Voilà! Fast, searchable, portable, beautiful notes!


For the impatient, skip ahead to the downloads. Or keep reading about the system components below.

Markup Language

To provide structure for notes, LawTeX provides a lightweight markup language. In fact, it only supports the following: (1) sections (up to three levels deep); (2) itemized lists (up to four levels deep); (3) enumerated lists (only one level); (4) emphasis; (5) section (§) and paragraph (¶) symbols; (6) math mode (for input of special characters and symbols); and (7) the ability to input raw TeX code (for complicated things such as tables). That’s it.

The point isn’t to replicate every last feature of TeX; it is to provide the most commonly used features that would be relevant in a notetaking context in a very simple, memorable syntax. This syntax is described below.

  1. Sections. Indicated by an asterisk (*) at the start of the line; one asterisk for a \section heading, two asterisks for a \subsection heading, and three asterisks for a \subsubsection heading.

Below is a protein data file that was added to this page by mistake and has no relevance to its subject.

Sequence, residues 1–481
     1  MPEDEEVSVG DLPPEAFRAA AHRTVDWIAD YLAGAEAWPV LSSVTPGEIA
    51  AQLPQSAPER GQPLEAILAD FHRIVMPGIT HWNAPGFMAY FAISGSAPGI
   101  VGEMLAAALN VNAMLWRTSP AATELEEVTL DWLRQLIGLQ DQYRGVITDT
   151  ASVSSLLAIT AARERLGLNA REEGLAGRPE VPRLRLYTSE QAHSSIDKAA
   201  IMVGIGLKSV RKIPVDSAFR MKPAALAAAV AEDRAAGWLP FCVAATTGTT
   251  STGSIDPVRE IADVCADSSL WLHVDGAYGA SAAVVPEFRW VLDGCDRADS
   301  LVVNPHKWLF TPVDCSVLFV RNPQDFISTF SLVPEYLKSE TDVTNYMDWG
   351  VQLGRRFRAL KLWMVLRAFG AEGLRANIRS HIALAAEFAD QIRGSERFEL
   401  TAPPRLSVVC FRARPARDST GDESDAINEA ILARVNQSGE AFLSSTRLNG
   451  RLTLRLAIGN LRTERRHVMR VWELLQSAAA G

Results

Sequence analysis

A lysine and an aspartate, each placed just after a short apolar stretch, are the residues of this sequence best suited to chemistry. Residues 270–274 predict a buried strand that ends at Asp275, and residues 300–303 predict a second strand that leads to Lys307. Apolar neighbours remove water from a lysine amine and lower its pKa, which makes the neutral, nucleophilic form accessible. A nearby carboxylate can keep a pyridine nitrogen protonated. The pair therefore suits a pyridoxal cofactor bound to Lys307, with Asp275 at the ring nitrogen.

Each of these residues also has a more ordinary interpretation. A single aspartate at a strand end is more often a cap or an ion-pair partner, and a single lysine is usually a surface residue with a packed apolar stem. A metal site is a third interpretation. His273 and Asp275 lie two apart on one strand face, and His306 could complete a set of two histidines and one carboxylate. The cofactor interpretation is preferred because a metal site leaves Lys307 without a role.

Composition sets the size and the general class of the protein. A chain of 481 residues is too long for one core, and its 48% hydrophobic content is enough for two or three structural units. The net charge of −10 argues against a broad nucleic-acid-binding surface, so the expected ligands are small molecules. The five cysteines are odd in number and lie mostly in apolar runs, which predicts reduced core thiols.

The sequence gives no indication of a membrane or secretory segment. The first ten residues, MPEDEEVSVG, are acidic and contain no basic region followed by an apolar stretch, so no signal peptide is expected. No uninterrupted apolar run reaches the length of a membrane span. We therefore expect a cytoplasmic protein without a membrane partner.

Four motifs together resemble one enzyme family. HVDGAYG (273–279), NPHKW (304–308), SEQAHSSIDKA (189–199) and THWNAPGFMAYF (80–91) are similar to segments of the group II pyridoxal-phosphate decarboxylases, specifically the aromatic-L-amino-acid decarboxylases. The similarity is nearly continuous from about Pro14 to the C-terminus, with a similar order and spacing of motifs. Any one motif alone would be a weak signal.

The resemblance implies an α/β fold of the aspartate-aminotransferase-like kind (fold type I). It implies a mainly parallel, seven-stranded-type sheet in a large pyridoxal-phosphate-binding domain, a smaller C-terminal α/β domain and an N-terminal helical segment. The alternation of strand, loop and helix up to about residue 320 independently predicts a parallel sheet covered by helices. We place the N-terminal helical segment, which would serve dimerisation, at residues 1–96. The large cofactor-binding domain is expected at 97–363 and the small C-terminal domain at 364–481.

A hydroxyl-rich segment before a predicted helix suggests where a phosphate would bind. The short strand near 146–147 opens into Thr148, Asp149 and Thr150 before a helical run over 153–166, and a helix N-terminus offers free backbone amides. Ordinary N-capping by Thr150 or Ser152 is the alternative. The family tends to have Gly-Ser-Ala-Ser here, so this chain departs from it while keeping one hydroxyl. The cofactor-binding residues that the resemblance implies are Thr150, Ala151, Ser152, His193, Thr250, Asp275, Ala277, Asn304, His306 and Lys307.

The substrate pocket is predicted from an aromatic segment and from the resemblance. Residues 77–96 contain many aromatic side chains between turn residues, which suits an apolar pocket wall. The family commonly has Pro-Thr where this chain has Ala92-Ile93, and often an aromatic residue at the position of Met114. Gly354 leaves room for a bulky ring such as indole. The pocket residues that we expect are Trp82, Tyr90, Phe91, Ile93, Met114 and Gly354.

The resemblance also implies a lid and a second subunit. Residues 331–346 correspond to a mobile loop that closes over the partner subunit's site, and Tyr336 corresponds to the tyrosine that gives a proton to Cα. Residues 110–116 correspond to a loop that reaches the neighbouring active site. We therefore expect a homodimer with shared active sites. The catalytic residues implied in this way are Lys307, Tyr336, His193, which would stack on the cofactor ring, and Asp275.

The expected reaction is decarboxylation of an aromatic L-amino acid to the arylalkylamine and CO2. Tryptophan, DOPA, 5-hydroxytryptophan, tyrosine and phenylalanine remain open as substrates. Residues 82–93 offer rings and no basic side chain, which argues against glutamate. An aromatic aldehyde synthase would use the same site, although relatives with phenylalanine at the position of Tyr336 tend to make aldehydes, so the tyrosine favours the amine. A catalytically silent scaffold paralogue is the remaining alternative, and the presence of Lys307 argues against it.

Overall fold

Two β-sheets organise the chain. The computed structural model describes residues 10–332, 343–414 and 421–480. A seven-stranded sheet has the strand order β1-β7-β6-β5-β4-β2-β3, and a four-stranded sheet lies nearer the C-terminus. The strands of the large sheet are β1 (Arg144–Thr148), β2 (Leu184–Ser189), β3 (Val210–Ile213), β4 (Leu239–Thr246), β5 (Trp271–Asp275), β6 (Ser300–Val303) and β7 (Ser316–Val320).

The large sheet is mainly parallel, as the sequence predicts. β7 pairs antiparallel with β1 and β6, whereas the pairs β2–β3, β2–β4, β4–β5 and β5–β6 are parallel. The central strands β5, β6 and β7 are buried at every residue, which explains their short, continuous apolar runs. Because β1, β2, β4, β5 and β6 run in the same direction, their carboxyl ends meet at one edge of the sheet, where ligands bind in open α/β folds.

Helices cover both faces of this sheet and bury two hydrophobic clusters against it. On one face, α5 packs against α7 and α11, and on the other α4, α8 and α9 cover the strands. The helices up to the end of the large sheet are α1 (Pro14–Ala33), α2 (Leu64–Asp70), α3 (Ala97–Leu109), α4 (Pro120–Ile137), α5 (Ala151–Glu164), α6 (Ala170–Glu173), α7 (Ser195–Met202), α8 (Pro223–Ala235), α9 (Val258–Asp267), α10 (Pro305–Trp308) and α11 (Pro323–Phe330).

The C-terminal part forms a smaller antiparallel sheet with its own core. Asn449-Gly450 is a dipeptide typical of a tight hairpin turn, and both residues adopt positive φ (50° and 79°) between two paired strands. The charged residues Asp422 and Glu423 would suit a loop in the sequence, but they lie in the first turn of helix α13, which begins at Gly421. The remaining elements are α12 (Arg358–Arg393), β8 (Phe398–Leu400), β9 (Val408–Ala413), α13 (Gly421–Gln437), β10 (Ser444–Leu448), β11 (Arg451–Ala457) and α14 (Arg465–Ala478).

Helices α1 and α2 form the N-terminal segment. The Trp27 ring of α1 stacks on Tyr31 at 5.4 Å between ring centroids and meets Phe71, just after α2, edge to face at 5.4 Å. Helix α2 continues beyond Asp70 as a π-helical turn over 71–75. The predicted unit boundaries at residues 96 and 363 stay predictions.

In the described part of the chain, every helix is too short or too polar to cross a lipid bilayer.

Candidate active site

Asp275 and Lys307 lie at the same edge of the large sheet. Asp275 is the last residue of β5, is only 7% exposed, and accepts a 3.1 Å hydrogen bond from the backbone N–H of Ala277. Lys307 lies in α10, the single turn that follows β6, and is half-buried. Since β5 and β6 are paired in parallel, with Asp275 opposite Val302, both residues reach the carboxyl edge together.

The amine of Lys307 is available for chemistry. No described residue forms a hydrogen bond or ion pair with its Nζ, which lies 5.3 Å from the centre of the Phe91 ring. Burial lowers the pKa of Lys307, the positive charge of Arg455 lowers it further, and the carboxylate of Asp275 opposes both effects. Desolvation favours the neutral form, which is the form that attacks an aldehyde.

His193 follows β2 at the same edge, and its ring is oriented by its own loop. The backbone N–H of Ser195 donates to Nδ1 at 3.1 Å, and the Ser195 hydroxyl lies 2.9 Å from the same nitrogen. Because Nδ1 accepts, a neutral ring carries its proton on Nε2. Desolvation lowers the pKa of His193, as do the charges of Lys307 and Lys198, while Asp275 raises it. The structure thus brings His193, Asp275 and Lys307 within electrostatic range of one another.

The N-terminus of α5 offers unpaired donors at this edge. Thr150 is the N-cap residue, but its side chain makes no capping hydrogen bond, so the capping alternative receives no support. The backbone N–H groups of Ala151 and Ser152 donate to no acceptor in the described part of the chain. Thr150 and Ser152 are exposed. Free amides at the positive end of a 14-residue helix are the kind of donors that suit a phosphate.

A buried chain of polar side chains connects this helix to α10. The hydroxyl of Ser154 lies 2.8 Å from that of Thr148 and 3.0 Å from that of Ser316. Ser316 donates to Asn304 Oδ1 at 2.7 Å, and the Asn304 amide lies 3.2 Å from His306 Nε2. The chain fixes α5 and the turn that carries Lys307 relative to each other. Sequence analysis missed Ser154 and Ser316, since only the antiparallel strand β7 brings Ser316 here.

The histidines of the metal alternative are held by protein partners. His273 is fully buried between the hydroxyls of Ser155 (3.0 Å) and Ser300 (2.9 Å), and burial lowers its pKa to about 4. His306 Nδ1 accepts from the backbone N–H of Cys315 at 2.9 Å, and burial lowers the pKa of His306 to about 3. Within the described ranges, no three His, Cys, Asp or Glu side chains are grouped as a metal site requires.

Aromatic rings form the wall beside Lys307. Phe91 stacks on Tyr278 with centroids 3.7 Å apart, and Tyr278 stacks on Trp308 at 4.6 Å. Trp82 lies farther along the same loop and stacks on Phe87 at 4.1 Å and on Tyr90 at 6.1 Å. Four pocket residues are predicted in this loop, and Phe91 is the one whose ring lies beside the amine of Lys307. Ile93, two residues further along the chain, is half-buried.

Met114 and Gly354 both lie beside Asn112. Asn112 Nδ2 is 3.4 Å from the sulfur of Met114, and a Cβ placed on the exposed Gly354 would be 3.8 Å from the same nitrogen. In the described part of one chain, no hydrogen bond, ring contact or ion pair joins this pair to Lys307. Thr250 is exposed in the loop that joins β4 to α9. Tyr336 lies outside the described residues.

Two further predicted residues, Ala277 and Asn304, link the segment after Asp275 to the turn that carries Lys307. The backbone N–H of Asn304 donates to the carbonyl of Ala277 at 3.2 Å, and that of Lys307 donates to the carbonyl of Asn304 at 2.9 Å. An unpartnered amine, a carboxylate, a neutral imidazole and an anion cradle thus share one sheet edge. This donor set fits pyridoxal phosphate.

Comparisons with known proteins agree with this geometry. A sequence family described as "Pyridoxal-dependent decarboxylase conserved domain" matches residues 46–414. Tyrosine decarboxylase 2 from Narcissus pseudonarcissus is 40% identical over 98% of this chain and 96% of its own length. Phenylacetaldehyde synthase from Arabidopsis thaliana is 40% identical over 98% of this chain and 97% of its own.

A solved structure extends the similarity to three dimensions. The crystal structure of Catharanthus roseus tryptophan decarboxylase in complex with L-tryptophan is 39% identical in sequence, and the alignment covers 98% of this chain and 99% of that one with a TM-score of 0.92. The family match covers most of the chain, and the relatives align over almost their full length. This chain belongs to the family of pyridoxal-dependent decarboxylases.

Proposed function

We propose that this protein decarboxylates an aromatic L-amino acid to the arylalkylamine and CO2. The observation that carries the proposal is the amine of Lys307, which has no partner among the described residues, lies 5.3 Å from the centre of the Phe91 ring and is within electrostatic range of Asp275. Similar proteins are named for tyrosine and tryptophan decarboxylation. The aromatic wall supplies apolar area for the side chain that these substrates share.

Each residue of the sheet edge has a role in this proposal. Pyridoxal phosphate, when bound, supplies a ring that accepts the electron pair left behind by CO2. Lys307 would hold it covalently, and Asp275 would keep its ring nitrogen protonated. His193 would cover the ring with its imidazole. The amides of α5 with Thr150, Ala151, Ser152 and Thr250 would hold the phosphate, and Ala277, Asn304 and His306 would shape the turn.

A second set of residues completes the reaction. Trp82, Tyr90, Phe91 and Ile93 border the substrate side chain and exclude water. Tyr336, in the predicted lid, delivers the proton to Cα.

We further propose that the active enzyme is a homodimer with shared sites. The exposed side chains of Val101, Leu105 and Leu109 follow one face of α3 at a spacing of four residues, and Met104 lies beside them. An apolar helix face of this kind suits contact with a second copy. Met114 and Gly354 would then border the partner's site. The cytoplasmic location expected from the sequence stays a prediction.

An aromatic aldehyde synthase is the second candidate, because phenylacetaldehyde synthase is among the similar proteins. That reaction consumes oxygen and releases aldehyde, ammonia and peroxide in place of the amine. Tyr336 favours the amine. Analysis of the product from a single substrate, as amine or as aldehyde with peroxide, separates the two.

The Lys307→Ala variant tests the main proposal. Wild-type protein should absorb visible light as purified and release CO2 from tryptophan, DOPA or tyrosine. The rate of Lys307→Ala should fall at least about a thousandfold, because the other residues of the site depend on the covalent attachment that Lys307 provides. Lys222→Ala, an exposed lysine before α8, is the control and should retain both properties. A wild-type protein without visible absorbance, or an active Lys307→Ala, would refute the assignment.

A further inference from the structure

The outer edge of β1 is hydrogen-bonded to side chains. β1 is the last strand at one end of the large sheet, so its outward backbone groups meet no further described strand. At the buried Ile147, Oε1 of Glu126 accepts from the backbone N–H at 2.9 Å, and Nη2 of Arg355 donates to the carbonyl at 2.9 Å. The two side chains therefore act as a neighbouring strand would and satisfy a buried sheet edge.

2. Itemized Lists. Indicated by a hyphen (-) at the start of the line. One hyphen (-) indicates top level, two hyphens (--) indicates second level, and so forth up to four levels of nesting.
  3. Enumerated Lists. Indicated by a number and period at the start of the line (e.g., 1.)
  4. Emphasis. Indicated by encapsulating the text to be emphasized in square brackets (e.g., [This would be emphasized]).
  5. Section and Paragraph Symbols. Indicated by a \S and \P respectively.
  6. Math Mode. Indicated by the text wrapped in dollar signs (e.g., $\rightarrow$).
  7. Raw TeX Code. Indicated by a hash mark (#) at the start of the line.

An example should make things clear. Below is a sample of notes taken in LawTeX markup.

* Example of Notes

** Lists

Listing things in LawTeX is a snap!

*** Itemized Lists
This is an example of an itemized list.